...In recent years there's been a dramatic change. Black workers
have been permitted to unionize, to bargain collectively and
build the strongest free trade union movement in all of Africa.
The infamous pass laws have been ended, as have many of the
laws denying blacks the right to live, work and own property
in South Africa's cities. Citizenship wrongly stripped away
has been restored to nearly 6 million blacks. Segregation in
universities and public facilities is being set aside. Social
apartheid laws prohibiting interracial sex and marriage have
been struck down.
...But by Western standards, South Africa still falls short--terribly
short--on the scales of economic and social justice....But the
South African Government is under no obligation to negotiate
the future of the country with any organization that proclaims
a goal of creating a Communist state, and uses terrorist tactics
and violence to achieve it....
...But let me outline what we believe are necessary components
of progress toward political peace. First, a timetable for elimination
of apartheid laws should be set. Second, all political prisoners
should be released. Third, Nelson Mandela should be released
to participate in the country's political process. Fourth, black
political movements should be unbanned. Fifth, both the Government
and its opponents should begin a dialogue about constructing
a political system that rests on the consent of the governed,
where the rights of majorities and minorities and individuals
are protected by law. And the dialogue should be initiated by
those with power and authority, the South African Government
itself. Sixth, if post-apartheid South Africa is to remain the
economic locomotive of southern Africa, its strong and developed
economy must not be crippled. And therefore, I urge the Congress
and the countries of Western Europe to resist this emotional
clamor for punitive sanctions. If Congress imposes sanctions
it would destroy America's flexibility....and deepen the crisis.
To make a difference, Americans who are a force for decency
and progress.... must remain involved.
* * *
Representative Gray: Today President Reagan
declared the United States and Great Britain co-guarantors of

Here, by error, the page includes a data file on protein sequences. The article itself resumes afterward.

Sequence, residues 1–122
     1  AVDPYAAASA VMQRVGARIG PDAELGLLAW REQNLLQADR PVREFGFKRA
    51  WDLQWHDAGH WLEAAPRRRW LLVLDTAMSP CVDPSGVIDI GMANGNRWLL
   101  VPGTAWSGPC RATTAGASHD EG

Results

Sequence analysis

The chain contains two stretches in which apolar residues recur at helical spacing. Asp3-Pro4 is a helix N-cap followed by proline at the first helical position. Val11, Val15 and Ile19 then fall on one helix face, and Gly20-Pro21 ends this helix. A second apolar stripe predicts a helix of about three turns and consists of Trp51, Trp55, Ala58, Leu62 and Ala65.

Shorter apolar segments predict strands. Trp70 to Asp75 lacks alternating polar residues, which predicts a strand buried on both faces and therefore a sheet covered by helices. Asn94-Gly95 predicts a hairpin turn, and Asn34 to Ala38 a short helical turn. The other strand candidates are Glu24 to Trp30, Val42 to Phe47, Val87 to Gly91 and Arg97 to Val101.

apartheid. By joining Mrs. Thatcher in opposing economic sanctions,
the President protects Pretoria from the one weapon it fears
most....In 1985 the Congress bipartisanly passed the Anti-Apartheid
Act, changing our policy and opposing sanctions.....[and] just
one month ago the House of Representatives passed the toughest
possible economic sanctions: total divestment and a trade embargo,
the measures we already have imposed on Cuba, North Korea, Cambodia
and Libya. However, the President tells us that sanctions will
only hurt the blacks, the people we are trying to help.
But blacks have suffered for years, not because of sanctions,
but because of apartheid. They suffer because by law they cannot
vote. They suffer because they are 72 percent of the population
squeezed onto 13 percent of South Africa's most barren land.
They suffer because they can be arrested without charge or trial.
More than 6,000 blacks have been detained in the past month
alone. They are allowed no contact with lawyers or families....
Under a sweeping state of emergency, they simply have disappeared.
Killings, detentions, people disappearing--a modern-day Holocaust
is unfolding before our very eyes. How can sanctions hurt black
South Africans when apartheid is killing them?
...Out of 28 million black South Africans,
only 47,000--one tenth of 1 percent--hold jobs with American
companies. These numbers alone tell us that the issue in South
Africa is not jobs, but the loss of life and the denial of justice.
Archbishop Tutu, Reverend Boesak, Doctor Naude, Winnie Mandela,
countless other South African leaders have pleaded with us to
impose sanctions and raise the cost of apartheid...